Checks and balances of mineral absorption. Minerals compete with each other for absorption in the human body. Heavy metals have nutrient minerals that can compete with them for absorption. For example, uptake of mercury‚ such as from diets containing contaminated fish, is greatly reduced in persons who have adequate selenium intake. Lead can be counterbalanced by adequate calcium. Preliminary data suggests potassium may help regulate or reduce plant uptake of thallium [Renkema et al., 2015]. This would mean that soils deficient in potassium could permit plants grown in them to take up higher levels of thallium. Adding potassium to soil also reduces plant uptake of radioactive isotopes. The most potent “dynamic accumulator” of potassium is the humble dandelion [Phillips 2012:p33]. So might the tendency of farmers, both conventional and organic, to vigilantly remove dandelions, be leaving our food supply in more risk of thallium uptake? By the way, brassica family vegetables (especially kohlrabi) are also potent accumulators of potassium.
Back to soil ecology. Holistic and biodynamic farmers have long known that it’s not the absolute concentration of potassium (K) present in the soil that matters, but the presence of rhizospheric microorganisms (e.g., root zone bacteria) necessary for potassium uptake [Phillips 2012; Zörb et al., 2014; Meena et al., 2014; Bhattacharyya and Jha 2012]. Potassium is present in the soil in inorganic forms which are not directly taken up by plants. It must first be solubilized. Potassium Solubilizing Microorganisms (KSMs) are a rhizospheric microorganism that transform insoluble potassium (K) to soluble forms. K-solubilization is carried out by a large number of saprophytic bacteria (Bacillus mucilaginosus, Bacillus edaphicus, Bacillus circulans, Acidothiobacillus ferrooxidans,Paenibacillus spp.) and fungal strains (Aspergillus spp. and Aspergillus terreus). Both conventional and organic farming use soil testing results to guide their application of N-P-K fertilizers. But no amount of added potassium will boost plant uptake of potassium in the absence of KSMs. So these soil organisms, by regulating potassium, may play an essential role in displacing thallium.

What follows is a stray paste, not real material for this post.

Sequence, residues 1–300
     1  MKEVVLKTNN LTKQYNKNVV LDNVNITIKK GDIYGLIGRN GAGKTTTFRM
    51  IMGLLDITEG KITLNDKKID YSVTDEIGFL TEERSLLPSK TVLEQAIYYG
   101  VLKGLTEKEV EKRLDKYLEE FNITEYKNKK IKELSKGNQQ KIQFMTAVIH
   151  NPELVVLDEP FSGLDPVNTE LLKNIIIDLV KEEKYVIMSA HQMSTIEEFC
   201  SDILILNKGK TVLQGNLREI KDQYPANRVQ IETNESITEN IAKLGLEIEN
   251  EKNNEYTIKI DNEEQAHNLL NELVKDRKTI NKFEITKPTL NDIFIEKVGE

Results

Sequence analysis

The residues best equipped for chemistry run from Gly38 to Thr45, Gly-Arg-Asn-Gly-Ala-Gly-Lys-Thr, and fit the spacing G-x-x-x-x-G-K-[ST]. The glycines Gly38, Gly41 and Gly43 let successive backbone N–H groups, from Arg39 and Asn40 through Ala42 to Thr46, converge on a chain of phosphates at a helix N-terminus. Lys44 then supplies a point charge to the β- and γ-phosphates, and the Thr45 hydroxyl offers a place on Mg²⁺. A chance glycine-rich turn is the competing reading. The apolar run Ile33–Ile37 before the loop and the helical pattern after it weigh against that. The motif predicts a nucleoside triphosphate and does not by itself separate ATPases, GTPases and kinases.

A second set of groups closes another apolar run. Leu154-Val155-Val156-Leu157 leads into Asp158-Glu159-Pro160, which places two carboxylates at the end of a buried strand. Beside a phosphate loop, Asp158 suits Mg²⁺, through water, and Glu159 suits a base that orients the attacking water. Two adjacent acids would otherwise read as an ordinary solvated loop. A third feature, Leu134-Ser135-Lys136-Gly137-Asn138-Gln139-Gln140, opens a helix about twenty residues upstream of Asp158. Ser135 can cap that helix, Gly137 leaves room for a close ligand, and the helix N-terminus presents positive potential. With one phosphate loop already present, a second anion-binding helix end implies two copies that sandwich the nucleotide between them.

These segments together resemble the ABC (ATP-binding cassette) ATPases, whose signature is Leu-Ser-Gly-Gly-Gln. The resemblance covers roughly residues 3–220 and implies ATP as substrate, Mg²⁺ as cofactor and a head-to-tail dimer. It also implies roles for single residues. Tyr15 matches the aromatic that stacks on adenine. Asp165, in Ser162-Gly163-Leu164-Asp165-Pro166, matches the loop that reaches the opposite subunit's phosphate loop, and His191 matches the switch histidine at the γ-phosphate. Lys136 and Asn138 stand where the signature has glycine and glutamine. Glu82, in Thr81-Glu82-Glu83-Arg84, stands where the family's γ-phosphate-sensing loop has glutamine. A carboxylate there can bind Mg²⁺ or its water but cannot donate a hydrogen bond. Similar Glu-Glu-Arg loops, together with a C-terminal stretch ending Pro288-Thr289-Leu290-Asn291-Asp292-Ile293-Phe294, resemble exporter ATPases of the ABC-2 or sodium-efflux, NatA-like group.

Other agricultural factors influence thallium uptake too. Water seems to enable greater thallium uptake: alluvial, hydric, over-watered soils or those with a high water table, and areas with higher rainfall than arid regions. Soils with acidic pH have greater uptake than alkaline soils [Jia et al., 2013; Madejón et al., 2007].
Diversify your diet. Our culture is one that embraces the idea of a “magic bullet.” We yearn for that one pill that will reverse aging or disease. Sometimes this way of thinking transfers to foods, with people seeking miracle foods to reverse cancer. While many foods are known to be rich sources of phytonutrients—the colored pigments that help us modify gene expression and act as cancer “phyters”—only a diet that combines a wide diversity of foods can support health and wellness. I’m reminded of the “Bog People” of Northern Europe. Because their bodies were so well preserved in the tannin-rich peat bogs, archeologists have been able to analyze the contents of their stomachs…thousands of years later. Their last meals contain up to 50+ different grains, nuts, seeds and fruits! Most Americans regularly consume 10 or fewer plant foods. So instead of thinking “Gee, I need to eat kale every day” we should be nurturing the mantra “how many different, local, seasonal plant foods can I combine into my diet today?” Instead of a salad made of 2-3 vegetables, we should take the example of Steven Barstow—author of Around the World in 80 Plants—and be inspired by his 2003 world-record salad incorporating of 537 plant varieties, all picked from his suburban yard in Norway. Many food traditions include meals made from a wide variety of vegetables, from Asian stir-fries to Mediterranian pistic, a celebrated spring dish incorporating 20-30 different foraged greens.